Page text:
Levels

3.4 7 Reviews

Levels makes continuous glucose monitors to provide real-time feedback on how your diet impacts your health.

Levels Reviews

Levels reviews

3.43

57% of reviewers would recommend to a friend

7 reviews

3 years ago

Got an opportunity to try out Levels a little while back. The hardware isn't unique to Levels (as they're using FreeStyle Libre CGM sensors), but I appreciated the (re)packaging and onboarding as I wasn't familiar with CGM sensors prior. I was a bit concerned about the application process and if the sensor would be uncomfortable, but it was easy to apply and non-obtrusive. I liked the ability to get rapid feedback and to better understand how my body was impacted by glucose and how exercise also came into play. Levels provide a lot of information and content via their app, which I found to be helpful. They also have an active Facebook community for those who want to interact with others using Levels, which can be quite handy.

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On the flipside, the amount of information available felt a bit overwhelming at times. I felt like I needed a tad bit more guidance on what to read and when, and I wish the app could interpret my data and provide more customized recommendations on what I could/should change. Would also note that it's a bit pricey at the moment, but they've acknowledged that before, and I know they're working on that.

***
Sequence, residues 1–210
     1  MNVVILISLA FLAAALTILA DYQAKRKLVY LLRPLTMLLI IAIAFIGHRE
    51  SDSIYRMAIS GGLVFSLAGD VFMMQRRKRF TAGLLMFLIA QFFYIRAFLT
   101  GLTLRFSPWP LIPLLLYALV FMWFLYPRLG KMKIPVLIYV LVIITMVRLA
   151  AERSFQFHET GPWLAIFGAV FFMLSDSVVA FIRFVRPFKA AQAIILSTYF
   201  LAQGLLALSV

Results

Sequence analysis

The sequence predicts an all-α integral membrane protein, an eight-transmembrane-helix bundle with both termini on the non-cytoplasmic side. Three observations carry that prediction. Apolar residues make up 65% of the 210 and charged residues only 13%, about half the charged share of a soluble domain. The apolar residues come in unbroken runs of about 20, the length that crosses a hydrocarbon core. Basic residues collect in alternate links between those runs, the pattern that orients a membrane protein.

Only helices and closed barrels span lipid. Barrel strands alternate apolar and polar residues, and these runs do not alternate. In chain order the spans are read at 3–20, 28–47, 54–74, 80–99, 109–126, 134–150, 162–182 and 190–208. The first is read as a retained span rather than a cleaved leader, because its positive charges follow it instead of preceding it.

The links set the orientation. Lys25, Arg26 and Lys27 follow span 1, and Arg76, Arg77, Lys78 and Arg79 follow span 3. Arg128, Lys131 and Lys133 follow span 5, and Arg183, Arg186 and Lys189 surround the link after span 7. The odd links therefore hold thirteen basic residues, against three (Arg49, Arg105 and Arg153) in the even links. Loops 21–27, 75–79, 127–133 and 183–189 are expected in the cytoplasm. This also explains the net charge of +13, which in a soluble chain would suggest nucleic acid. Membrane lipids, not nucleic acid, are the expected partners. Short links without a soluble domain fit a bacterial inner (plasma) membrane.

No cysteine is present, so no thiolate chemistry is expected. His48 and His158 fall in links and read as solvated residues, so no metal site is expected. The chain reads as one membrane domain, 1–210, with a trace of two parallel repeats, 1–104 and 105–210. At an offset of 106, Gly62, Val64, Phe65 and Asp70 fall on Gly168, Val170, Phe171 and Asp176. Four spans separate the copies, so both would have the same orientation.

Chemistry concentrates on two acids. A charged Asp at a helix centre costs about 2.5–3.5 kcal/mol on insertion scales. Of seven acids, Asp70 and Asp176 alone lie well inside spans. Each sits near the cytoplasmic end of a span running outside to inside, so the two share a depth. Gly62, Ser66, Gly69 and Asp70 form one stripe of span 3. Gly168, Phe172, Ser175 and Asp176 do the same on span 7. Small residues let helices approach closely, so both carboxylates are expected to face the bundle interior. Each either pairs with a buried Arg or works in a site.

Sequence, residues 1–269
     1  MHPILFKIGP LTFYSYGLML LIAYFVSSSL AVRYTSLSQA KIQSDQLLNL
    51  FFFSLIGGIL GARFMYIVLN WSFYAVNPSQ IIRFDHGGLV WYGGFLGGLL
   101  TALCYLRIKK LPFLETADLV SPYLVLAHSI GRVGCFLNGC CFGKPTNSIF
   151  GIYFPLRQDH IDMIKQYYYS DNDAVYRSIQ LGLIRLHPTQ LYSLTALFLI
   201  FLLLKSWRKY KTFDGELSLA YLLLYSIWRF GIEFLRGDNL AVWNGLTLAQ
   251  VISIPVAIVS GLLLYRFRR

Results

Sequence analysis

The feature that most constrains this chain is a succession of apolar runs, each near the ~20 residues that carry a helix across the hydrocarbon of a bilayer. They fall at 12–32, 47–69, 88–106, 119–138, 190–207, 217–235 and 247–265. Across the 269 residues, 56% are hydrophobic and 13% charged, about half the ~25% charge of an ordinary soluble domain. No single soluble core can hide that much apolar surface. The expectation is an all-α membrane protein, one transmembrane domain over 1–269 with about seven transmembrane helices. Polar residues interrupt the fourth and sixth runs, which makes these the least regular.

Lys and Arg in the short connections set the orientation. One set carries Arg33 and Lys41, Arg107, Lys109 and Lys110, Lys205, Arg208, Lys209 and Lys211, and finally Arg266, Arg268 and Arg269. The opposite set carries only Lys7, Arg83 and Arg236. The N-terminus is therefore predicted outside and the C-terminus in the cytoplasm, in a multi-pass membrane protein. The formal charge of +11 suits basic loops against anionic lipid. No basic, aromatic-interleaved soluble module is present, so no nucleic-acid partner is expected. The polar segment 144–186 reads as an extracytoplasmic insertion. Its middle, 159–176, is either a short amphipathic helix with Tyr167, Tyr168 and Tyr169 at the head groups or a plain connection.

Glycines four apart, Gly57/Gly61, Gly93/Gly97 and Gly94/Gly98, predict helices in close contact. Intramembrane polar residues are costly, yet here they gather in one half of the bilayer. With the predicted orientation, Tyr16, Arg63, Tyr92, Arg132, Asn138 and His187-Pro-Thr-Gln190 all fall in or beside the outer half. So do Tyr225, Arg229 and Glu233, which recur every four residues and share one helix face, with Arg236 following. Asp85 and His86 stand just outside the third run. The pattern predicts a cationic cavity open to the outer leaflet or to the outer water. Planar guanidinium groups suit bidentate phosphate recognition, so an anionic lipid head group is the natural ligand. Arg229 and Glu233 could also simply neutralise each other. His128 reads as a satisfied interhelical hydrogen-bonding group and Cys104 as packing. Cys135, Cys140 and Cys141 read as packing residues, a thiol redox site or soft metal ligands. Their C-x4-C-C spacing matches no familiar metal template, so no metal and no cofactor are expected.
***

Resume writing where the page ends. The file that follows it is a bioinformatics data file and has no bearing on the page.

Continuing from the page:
2 years ago

It has been so helpful to understand how different foods affect my glucose and contribute to my metabolic health. I love all the features, including comparing different foods (with scores). I love that you can take pictures and that it will give you some general information on learning about metabolic health. I've done extensive research on this topic, so I felt like I knew how to combine foods in different ways to make sure I was controlling spikes, but I wonder if the average consumer is aware. I'm also trying out their nutritionist offerings.

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Giving it a 4/5 because of the price. I really hope something like this can be available to the masses one day, but right now the price is really high. However, I do find it worth the money for at least a few months. I'm worried about the LTV value of customers if they only use it for a few months to get a baseline.

2 years ago

Gave me a great sense of what works and doesn’t work good wise. Really impressive.

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Needing two apps and reliance on Abbott not ideal, but not the worst thing ever.

6 months ago